Actually this is our second filming foray in Croatia. Last summer, Giancarlo Andreani, filmed our clay court footage at the outdoor tournament in the seaside resort of Umag. According to Giancarlo, they love tennis in Croatia and the nightlife is world-class. Me, I'm sticking to the tennis, but we may add an update on the other front from Mr. Martinez.

We get a lot of requests about certain players and maybe this is a good time to explain a little more who we target for the Stroke Archive and how we get them. For one thing, we can't film players who aren't still playing. I get a lot of requests for Stefan Edberg and Steffi Graf, but the cameras we use didn't even exist when they were still on tour.

And every time a less known player has a big win, we get a few emails wanting to see so and so's forehand or serve. And sometimes I'm in the process of developing them already. To really get a comprehensive portrait of a player's game, I like to film them at least 3 if not 4 times or more.

Some of the other interesting players on the list.

Why? First because certain venues allow us to film certain angles and not others. I like the depth of perspective that comes from looking at the players from all sides, and we work pretty hard to get that.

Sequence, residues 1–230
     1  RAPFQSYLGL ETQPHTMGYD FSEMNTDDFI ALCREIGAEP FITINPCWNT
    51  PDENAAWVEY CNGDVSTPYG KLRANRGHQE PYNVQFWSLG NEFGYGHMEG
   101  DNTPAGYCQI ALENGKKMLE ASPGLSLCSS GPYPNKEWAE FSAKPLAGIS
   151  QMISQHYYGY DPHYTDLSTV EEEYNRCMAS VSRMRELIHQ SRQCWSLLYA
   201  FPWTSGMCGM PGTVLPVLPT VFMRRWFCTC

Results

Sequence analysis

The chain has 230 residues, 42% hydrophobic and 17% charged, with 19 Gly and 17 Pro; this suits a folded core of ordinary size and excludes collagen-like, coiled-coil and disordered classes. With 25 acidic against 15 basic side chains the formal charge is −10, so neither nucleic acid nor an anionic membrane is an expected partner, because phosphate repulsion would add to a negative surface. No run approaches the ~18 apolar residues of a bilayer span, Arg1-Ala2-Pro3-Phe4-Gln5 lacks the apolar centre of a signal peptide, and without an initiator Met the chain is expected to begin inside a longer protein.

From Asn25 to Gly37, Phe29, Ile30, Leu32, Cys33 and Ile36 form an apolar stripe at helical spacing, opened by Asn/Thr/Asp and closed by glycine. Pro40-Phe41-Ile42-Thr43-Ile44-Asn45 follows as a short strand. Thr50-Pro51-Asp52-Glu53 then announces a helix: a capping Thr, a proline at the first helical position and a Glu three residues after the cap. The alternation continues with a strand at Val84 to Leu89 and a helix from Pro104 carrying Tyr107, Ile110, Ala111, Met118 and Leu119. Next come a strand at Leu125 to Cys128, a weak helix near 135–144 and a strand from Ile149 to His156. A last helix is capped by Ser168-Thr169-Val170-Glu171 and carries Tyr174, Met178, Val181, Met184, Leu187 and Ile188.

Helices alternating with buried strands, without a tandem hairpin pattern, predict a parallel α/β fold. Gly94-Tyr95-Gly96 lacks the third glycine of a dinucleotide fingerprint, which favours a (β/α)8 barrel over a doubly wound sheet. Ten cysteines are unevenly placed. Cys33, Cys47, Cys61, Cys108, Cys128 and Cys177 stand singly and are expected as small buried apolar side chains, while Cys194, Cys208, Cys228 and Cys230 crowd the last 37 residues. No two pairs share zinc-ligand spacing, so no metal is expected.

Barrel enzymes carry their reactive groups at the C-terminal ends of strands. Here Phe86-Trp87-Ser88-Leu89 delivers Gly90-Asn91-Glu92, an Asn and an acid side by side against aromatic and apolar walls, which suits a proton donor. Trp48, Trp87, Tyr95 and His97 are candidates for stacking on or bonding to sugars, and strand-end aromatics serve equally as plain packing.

The second reason is that courts and opponent's are different. Player's hit different shots and use different tactics in various circumstances. Different opponent's give players different speeds, spins, and ball heights, and dictate different court positions.

And all that varies with surface too--even from one hard court to the next. One year at Indian Wells when the courts were a little slower, Tim Henman played 2 matches and basically never served and volleys.

And there are the intangibles. Sometimes players just play better or worse or with more or less effort and/or enthusiasm. So multiple matches have a better chance of giving us an accurate view of the player's range of shots.

Our co-tournament director Goran Ivanisevic, showing good judgment in wild cards.

The other factor is logisitical. Let's say we are at Indian Wells, and there are 6 players we are interested in playing at the same time. Or two we want are playing each other. So we make choices. Then one or more of the players we want lose and are gone.

So that should be one of the great things about Zagreb. A great field and all the matches played one at a time on a stadium court in an indoor arena. Let's hope not too many of the most interesting ones play each other too early. We already have Co-Tournament director Goran Ivanisevic to thank for giving Marcos Bagdathis a wild card. We'll just pray everyone is healthy, shows up, and plays great. I have no doubt though we'll come back with more incredible resources for Tennisplayer.

John Yandell is widely acknowledged as one of the leading videographers and students of the modern game of professional tennis. His high speed filming for Advanced Tennis and Tennisplayer have provided new visual resources that have changed the way the game is studied and understood by both players and coaches. He has done personal video analysis for hundreds of high level competitive players, including Justine Henin-Hardenne, Taylor Dent and John McEnroe, among others. In addition to his role as Editor of Tennisplayer he is the author of the critically acclaimed book Visual Tennis. The John Yandell Tennis School is located in San Francisco, California.